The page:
"Eponymous" redirects here. For the R.E.M. album, see Eponymous (album).
Not to be confused with Namesake.
The mythological Greek hero Orion is the eponym of the constellation Orion, shown here, and thus indirectly of the Orion spacecraft.[1]

An eponym is a person, place, or thing for whom or for which something is named, or believed to be named.[2] For example, Elizabeth I of England is the eponym of the Elizabethan era.

Many genericized trademarks such as aspirin,[3] heroin[4] and thermos[5] are based on their original brand eponyms.

The adjectives derived from eponym, which include eponymous and eponymic,[2][6] similarly refer to being the person or thing after whom something is named, as "the eponymous founder of the Ford Motor Company" refers to Henry Ford.[7][8] Recent usage, especially in the recorded-music industry, also allows eponymous to mean "named after its central character or creator".[7]


Periods have often been named after a ruler or other influential figure:


Specific types of incidents

Other eponyms

Orthographic conventions

Capitalized versus lowercase

For examples, see the comparison table below.

Genitive versus attributive

National varieties of English

Comparison table of eponym orthographic styling

Prevalent dictionary styling today Stylings that defy prevalent dictionary styling Comments
Addison disease[23] *Addison Disease
*addison disease
Allemann syndrome[23] *Allemann Syndrome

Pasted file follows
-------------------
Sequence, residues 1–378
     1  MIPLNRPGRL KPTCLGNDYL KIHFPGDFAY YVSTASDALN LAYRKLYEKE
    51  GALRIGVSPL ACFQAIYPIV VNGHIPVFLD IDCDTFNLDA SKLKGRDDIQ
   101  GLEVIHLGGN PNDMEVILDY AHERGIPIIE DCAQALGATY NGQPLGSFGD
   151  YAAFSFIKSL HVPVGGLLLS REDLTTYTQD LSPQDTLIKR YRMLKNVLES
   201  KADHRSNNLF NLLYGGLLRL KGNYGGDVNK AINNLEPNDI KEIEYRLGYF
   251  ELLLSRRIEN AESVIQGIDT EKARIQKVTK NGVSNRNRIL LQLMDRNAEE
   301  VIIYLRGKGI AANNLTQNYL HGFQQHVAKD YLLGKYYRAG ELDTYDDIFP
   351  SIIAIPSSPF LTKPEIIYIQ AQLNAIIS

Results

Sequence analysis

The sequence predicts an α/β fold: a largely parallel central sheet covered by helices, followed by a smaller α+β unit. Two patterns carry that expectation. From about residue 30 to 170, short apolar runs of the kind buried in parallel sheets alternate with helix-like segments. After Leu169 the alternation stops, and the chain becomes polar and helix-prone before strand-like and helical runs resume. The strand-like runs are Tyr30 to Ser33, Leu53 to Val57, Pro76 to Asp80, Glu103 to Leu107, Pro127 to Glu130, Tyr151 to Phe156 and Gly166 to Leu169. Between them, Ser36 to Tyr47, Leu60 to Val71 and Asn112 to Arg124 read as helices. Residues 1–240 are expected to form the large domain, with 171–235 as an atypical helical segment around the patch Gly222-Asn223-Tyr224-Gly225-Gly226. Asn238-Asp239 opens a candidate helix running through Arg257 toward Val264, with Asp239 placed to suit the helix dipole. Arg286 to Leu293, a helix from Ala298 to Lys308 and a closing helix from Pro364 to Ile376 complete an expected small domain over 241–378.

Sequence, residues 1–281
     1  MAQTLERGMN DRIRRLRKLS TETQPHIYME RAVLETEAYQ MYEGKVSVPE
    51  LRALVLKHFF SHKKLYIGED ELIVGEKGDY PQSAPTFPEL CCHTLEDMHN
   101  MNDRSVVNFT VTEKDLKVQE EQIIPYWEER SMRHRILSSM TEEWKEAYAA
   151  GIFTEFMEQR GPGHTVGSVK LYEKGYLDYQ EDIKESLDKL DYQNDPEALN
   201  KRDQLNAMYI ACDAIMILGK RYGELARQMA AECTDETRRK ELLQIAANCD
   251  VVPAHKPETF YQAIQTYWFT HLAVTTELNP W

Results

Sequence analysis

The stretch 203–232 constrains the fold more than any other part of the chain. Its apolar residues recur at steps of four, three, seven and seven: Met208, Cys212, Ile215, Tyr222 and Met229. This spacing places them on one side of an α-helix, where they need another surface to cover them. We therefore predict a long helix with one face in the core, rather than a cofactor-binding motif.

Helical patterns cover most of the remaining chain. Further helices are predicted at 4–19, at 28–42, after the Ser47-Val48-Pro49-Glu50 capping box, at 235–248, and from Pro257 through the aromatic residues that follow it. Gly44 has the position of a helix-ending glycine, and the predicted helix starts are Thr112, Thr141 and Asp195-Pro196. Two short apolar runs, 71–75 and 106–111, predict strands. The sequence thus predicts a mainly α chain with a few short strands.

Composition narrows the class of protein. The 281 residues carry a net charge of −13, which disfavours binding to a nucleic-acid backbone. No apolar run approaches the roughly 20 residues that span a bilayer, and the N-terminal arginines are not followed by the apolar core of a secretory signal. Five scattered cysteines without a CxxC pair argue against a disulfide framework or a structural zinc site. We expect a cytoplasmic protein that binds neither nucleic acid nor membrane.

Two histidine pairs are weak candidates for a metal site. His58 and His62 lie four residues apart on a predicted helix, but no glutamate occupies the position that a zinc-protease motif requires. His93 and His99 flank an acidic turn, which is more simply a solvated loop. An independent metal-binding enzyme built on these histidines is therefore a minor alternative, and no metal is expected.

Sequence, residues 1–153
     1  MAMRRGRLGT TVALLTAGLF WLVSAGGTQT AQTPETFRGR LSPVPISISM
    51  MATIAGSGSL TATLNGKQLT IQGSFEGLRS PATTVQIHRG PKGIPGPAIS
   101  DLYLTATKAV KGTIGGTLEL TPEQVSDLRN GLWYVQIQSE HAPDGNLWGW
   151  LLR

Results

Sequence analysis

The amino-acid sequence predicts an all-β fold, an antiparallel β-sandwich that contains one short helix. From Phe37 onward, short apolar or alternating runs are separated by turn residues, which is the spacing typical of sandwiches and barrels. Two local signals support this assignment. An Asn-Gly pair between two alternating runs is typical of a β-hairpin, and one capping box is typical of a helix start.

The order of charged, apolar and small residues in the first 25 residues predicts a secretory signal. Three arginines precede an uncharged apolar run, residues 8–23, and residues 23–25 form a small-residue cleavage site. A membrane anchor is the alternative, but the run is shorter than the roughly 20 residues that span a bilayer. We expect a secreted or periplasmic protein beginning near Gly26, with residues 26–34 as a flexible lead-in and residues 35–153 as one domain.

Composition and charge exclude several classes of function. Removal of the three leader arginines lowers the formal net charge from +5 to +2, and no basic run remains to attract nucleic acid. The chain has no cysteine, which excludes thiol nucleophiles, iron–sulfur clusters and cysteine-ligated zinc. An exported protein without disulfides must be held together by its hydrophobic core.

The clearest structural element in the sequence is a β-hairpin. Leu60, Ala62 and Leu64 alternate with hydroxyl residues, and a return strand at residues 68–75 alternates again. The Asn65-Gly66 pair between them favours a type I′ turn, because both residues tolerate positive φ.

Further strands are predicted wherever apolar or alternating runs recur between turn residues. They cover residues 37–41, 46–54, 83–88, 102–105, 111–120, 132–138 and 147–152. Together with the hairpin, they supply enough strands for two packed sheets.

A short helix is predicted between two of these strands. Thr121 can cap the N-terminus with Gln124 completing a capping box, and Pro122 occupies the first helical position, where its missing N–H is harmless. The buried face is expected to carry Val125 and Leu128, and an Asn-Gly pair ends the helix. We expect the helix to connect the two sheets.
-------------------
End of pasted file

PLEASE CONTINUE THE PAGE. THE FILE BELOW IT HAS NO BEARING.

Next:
*allemann syndrome
cesarean [only][23]
cesarean also cesarian [but no cap variant][12]
cesarean, "often capitalized" or caesarean also cesarian or caesarian[24]
  The full information on this word's orthographic variants is at cesarean section > orthography.
darwinian [only][23]
darwinism [only][23]
Darwinian [only][12][13]
Darwinism [only][12][13]
Darwinist [only][12][13]
diesel (n/adj/vi) [no cap variant][12][13]
and also
diesel engine[12][13]
dieselize, dieselization[12]
*Diesel engine
*Dieselize, Dieselization
draconian often Draconian[12]
eustachian [only][23]
eustachian often Eustachian[12]
eustachian tube [only][23]
eustachian tube often Eustachian tube[12]
eustachian tube or Eustachian tube[13]
*Eustachian Tube  
fallopian [only][23]
fallopian often Fallopian[12]
fallopian tube [only][23]
fallopian tube often Fallopian tube[12]
fallopian tube also Fallopian tube[13]
*Fallopian Tube  
Marxism [only][12][13]
Marxist [only][12][13]
mendelian [only][23] or Mendelian [only][12]
mendelian inheritance [only][23] or Mendelian inheritance [only][12] 
Mendel's laws[12][23]
*Mendelian Inheritance  
Newtonian [only][12][13] *newtonian  
parkinsonism [only][12][23]
parkinsonian [only][12][23]
parkinsonian tremor[23]
Parkinson disease [only][23]
Parkinson's disease [only][12]
*Parkinsonian tremor
*Parkinsonian Tremor
*Parkinson Disease
*Parkinson's Disease
quixotic [only][12][13] *Quixotic  
Roman numerals[13]
roman numerals[12]
  AMA Manual of Style lowercases the terms roman numerals and arabic numerals. MWCD enters the numeral sense under the headword Roman but with the note "not cap" on the numeral sense.[12]

Lists of eponyms